Across the divide each side sees the other as deeply immoral and deeply irrational while being convinced of the self-evident moral and rational superiority of their own position. Each must see the other as stupid, crazy or bad before any conversation begins, for each perceives the other as rejecting that which “everyone knows” to be true. Fundamental orientations to reality are being challenged and such challenge involves us at the most personal level and is perceived as a literally world-shaking issue. Such conversation as ensues inevitably produces more evidence for this mutual conclusion about the immorality and irrationality of the opposition. From within the paradigm of epistemological pessimism any argument which proceeds on the basis of epistemological optimism must seem irrational and from within the paradigm of epistemological optimism any argument which proceeds on the basis of epistemological pessimism must seem an unaccountable obfuscation. There is what Michael Polanyi called a logical gap between the two paradigms. Each has a stable system of rationality. It is not that reappraisers or Liberals are more or less rational than conservatives or reasserters. The problem is that within what Polanyi would call the fiduciary structure or what Peter Berger called the Plausibility Structure of these world views, the arguments of neither side make sense to the other. In fact each seems to the other mad, bad and dangerous and a traitor to the very thing which is at the heart of the religion.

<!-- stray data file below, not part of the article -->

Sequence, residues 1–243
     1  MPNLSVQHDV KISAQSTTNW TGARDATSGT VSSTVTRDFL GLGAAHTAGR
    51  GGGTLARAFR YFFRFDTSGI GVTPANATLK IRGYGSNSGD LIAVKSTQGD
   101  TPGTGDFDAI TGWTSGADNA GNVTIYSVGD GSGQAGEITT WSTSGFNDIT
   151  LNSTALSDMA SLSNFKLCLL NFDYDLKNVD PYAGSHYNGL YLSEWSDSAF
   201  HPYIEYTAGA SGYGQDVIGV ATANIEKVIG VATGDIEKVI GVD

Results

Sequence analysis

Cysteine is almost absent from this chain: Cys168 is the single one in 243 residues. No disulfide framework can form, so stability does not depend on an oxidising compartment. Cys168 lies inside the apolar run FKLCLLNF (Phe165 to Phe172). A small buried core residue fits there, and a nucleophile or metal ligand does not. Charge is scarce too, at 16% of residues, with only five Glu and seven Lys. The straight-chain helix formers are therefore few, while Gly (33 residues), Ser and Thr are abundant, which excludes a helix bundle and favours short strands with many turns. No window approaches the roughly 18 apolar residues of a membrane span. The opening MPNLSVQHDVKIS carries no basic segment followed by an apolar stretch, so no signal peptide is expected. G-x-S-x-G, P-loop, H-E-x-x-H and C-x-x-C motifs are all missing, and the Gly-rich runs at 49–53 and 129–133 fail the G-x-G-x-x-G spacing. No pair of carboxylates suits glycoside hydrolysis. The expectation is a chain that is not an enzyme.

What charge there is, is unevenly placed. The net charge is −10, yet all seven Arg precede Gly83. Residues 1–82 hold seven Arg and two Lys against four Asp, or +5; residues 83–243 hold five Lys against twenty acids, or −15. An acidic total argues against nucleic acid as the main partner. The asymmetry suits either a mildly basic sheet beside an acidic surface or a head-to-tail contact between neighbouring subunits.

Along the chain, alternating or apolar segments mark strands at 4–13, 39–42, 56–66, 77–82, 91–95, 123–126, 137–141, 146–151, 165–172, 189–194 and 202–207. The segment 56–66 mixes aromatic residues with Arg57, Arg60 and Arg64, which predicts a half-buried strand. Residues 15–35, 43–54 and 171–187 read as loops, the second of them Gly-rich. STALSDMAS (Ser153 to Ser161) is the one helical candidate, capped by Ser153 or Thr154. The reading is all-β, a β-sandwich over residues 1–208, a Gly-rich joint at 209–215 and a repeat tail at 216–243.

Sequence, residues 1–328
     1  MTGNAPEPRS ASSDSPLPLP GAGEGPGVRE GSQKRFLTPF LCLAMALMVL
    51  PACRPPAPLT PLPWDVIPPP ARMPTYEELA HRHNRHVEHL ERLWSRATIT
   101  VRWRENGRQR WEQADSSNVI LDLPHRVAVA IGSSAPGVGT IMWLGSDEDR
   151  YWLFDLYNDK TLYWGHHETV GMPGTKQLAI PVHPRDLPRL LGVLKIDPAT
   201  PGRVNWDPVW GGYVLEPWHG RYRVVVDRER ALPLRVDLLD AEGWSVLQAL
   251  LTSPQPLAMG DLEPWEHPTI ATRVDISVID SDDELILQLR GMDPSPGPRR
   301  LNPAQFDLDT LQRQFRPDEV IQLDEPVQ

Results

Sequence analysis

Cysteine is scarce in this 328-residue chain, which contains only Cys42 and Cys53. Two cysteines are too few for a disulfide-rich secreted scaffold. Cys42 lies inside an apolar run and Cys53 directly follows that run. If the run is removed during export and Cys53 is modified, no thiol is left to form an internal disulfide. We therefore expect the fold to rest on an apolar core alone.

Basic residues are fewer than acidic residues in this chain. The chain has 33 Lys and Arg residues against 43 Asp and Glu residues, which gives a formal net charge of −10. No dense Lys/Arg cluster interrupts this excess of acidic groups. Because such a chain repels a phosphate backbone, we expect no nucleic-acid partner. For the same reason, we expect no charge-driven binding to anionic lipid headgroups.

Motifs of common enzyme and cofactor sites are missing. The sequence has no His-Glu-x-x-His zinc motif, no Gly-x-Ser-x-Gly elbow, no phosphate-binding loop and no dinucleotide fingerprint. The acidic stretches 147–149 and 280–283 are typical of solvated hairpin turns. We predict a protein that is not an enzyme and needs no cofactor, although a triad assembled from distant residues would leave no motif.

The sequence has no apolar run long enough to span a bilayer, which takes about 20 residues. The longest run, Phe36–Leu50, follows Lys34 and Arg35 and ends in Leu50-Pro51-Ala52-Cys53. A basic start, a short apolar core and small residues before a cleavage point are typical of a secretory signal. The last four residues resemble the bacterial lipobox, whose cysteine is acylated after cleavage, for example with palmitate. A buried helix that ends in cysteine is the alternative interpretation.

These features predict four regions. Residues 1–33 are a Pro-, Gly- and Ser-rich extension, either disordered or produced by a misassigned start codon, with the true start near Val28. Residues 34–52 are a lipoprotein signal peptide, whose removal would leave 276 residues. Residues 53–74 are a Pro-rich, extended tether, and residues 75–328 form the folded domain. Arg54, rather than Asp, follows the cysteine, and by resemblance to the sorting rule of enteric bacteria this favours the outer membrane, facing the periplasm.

We are at a point of a battle of paradigms. Within the churches those called reappraisers are convinced that history is on their side. Jack Spong has written winsomely about “Why Christianity Must Change or Die.” They are convinced that traditional religion cannot survive a searching critique and that the old traditionalist religion is going the way of Ptolemy. The conviction is bolstered by the belief that everyone on the other side of the divide is pre-critical, by an inability to register the emergence of a serious post-critical critique of epistemological pessimism and by a refusal to look at the nihilism to which the commitment to epistemological minimalism leads and has already led in the emergence of Nazism and Stalinism and other contemporary nihilistic ideologies. (The way to Hitler leads through Weimar and I think late modern Western Civilization is in a dangerous “Weimar” phase.) The minimalist analysis is that these ideologies are diseases of certainty but they are states that are only possible in a culture in which transcendent morality has been exiled. They are products of the uncertainty of a culture which has lost its nerve and its faith in its own most tested values. “The best lack all conviction” as Yeats said. The history of both Nazism and Marxism shows how destructive self-delusion that is impervious to correction grows with the conviction that history as a kind of irresistible objective power is on your side.